I’m nearly finished with my CES coverage (thanks to a relapse as well as a household of sick family members), with just a few final visits to discuss. My meeting with Crucial/Micron/Lexar had a couple interesting tidbits, perhaps the most noteworthy being their apparently production ready DDR4 modules for both desktops and laptops. It’s pretty clear now that the transition to DDR4 is going to happen with one of Intel’s upcoming CPU/platform launches, though the exact details of the rollout of DDR4 RAM are still a bit hazy – will we see it first on servers, then desktops, then laptops, or maybe desktops first, or given the potential for power savings, why not laptops first? You can also see the slightly curved insertion edge of the DDR4 desktop DIMMs that’s designed to aid in installation.

The other cool thing Crucial had to show is their half-height Ballistix Sport VLP DIMM. These have been available for a little while, but they have several features that make them attractive. For one, instead of the usual gigantic heat spreaders – which can sometimes interfere with the installation of CPU coolers or other items – the Sport VLP has a very low profile (that’s the VLP part of the name) and ends up being about half the height of a standard DIMM. They’re also 1.35V DDR3-1600 modules, so they use less power and generate less heat – never a bad thing in my book. These are literally the polar opposite of some of Crucial’s other Ballistix products, with capacities up to 8GB per DIMM and pricing that’s somewhat higher than standard DDR3 DIMMs. Note that you may need to spend some time in the motherboard BIOS in order to get these DIMMs to work, and raw performance isn’t likely to be as high as some other DDR3 DIMMs, but for mini-ITX builds I could see these being very handy alternatives to regular size DIMMs.

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  • R3MF - Wednesday, January 22, 2014 - link

    does this make it more likely that we'll see more memory channels in future AMD APU's (see my question to Jarred above)? Reply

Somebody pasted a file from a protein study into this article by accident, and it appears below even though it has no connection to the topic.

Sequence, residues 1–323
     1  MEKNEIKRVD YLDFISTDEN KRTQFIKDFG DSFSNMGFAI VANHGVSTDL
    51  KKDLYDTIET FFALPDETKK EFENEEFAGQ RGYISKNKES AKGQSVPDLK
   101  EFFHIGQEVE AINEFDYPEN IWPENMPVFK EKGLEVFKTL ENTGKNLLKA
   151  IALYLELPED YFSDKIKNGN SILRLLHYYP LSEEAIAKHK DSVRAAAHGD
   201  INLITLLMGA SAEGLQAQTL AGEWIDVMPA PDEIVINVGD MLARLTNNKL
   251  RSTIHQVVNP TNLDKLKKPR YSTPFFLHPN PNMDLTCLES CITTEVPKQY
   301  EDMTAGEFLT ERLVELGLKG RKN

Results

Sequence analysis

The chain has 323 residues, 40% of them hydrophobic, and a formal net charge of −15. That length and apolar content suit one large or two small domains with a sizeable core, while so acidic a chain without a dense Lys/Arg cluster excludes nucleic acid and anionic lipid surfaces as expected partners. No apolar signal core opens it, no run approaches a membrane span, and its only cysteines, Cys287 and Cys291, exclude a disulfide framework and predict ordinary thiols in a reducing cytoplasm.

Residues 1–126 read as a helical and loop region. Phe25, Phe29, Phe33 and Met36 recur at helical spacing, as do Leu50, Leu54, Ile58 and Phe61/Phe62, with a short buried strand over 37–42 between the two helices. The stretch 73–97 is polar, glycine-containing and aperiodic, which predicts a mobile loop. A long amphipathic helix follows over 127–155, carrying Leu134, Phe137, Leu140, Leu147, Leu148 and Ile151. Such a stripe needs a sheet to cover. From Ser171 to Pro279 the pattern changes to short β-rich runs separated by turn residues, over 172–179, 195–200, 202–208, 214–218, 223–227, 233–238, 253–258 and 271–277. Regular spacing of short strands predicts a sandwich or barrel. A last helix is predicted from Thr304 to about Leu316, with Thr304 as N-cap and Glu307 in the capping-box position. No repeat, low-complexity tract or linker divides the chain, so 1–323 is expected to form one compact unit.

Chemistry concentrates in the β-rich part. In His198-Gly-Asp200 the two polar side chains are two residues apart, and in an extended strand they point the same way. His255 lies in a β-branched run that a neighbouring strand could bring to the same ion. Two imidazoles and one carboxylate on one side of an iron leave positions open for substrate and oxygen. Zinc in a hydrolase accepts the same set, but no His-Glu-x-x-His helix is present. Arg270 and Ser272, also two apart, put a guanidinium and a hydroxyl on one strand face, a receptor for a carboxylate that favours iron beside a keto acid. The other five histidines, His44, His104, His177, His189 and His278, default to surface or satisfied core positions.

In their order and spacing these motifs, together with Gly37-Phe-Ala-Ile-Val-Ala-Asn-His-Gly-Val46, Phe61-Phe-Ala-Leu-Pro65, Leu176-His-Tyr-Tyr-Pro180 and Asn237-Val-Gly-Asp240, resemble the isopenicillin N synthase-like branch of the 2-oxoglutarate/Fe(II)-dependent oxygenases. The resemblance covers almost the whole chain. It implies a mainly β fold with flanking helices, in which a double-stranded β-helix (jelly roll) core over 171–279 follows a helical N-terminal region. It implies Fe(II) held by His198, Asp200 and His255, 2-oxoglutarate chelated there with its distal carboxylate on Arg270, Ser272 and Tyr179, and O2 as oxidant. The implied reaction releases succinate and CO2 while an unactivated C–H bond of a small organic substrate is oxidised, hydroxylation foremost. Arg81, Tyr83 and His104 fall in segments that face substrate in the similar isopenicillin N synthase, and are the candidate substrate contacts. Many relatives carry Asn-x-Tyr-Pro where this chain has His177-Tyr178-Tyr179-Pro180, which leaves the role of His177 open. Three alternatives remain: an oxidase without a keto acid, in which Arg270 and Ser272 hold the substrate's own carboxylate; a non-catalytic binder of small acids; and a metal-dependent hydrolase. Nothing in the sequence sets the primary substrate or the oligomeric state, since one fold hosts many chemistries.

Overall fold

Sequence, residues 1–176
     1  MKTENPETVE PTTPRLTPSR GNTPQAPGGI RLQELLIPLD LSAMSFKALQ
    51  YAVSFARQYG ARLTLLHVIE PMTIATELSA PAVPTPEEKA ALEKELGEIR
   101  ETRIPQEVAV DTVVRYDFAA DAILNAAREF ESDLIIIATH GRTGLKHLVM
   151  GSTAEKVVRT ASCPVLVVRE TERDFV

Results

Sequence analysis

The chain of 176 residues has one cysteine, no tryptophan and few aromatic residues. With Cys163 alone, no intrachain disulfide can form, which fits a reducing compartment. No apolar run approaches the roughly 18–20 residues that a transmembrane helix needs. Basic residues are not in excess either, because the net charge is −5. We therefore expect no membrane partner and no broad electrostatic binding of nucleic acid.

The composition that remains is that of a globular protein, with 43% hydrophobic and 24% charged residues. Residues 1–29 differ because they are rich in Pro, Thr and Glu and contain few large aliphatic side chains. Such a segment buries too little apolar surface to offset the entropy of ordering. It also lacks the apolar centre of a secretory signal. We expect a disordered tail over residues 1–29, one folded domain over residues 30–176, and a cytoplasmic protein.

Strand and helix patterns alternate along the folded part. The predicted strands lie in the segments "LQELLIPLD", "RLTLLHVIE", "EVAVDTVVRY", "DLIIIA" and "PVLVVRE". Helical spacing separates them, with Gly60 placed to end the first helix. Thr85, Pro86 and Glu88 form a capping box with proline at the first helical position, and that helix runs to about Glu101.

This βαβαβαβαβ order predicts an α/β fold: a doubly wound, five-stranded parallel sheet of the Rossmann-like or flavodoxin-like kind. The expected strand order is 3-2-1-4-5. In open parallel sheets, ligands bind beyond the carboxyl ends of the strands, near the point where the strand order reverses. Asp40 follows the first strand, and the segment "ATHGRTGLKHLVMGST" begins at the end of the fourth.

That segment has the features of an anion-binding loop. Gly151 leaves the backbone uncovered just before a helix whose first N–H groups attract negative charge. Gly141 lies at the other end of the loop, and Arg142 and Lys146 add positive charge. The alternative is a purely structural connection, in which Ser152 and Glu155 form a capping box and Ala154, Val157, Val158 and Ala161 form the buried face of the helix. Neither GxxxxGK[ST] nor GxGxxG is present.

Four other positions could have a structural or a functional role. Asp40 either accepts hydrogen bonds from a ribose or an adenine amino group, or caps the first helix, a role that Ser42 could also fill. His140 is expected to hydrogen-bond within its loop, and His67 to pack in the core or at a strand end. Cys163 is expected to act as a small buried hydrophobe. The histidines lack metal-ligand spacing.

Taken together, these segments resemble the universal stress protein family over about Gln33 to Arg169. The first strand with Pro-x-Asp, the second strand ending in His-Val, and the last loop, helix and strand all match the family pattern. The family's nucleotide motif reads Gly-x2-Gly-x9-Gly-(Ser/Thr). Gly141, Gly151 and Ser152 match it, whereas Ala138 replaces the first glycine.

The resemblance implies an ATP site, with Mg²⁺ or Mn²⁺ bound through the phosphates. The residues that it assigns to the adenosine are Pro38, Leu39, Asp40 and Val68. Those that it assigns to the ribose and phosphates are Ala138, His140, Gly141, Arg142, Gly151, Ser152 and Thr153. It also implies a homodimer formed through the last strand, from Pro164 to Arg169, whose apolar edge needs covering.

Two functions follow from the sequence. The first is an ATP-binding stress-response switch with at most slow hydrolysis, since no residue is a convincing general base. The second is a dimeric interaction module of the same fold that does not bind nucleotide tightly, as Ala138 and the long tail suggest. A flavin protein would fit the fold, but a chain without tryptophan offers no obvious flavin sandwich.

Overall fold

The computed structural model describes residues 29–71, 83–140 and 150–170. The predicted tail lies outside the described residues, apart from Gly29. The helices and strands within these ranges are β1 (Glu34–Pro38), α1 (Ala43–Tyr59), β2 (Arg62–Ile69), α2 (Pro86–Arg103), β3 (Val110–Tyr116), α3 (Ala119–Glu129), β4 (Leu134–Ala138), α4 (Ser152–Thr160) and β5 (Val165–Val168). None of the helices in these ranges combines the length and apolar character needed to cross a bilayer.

• JarredWalton - Wednesday, January 22, 2014 - link

    More than anything, I think this suggests DDR4 will start on servers and high-end enthusiast platforms where they can either go quad-channel, or use registered DIMMs to handle more than one DDR4 DIMM per channel. Reply
  • davidthemaster30 - Wednesday, January 22, 2014 - link

    I wonder if the Baliistix VLP will overclock as well a the Samsung Green RAM (MV-3V4G3D)? Reply
  • MrSpadge - Wednesday, January 22, 2014 - link

    Hurray for low voltage DDR3-1600 with heat spreaders. Sure it's nice they're low profile, but they're absolutely not needed at all. Reply
  • Kakti - Thursday, January 23, 2014 - link

    Does anyone know the CAS timings we can expect from DDR4? Can we expect 9-9-9 for the 2400mhz ones, or are they expected to go up or down generally speaking? Reply
  • DanNeely - Friday, January 24, 2014 - link

    You can expect all the timings to continue to be the same or go up significantly. Broadly speaking the difference between SDR, DDR1, DDR2, and DDR3 has been in a faster data bus and more ram chip multiplexing on the dimm not in faster dram chips clock speeds. Since the clock speed of the dram chips is about the same as before but the data bus is running twice as fast it will take about twice as many clock cycles on the data bus (what the CL and other numbers in timing are) to cover the same amount of time on the ram chips.

    This article from when DDR3 launched can help add more detail if you're interested (the same logic applies as did with the DDR2-3 transition):
    http://www.hardwaresecrets.com/article/Everything-...
    Reply
  • just4U - Monday, February 3, 2014 - link

    So I guess my dream of getting some cas 1.5 memory someday, is out of the question? I can't remember if it was some Sdram modules or original DDR .. but I had some cas 2/2/2 stuff and I had always hoped I could get that down even lower for some 3dmark runs. Reply
  • eeshgarg - Tuesday, February 4, 2014 - link

    Why does the DDR3 not work properly when we reduce or increase the CAS Latency ? Reply
  • marcgr - Thursday, March 20, 2014 - link

    Those Crucial DDR4 modules are available for purchase on their website now. There's just one or two things that you have to watch out for... Read more: http://blogs.synopsys.com/committedtomemory/2014/0... Reply

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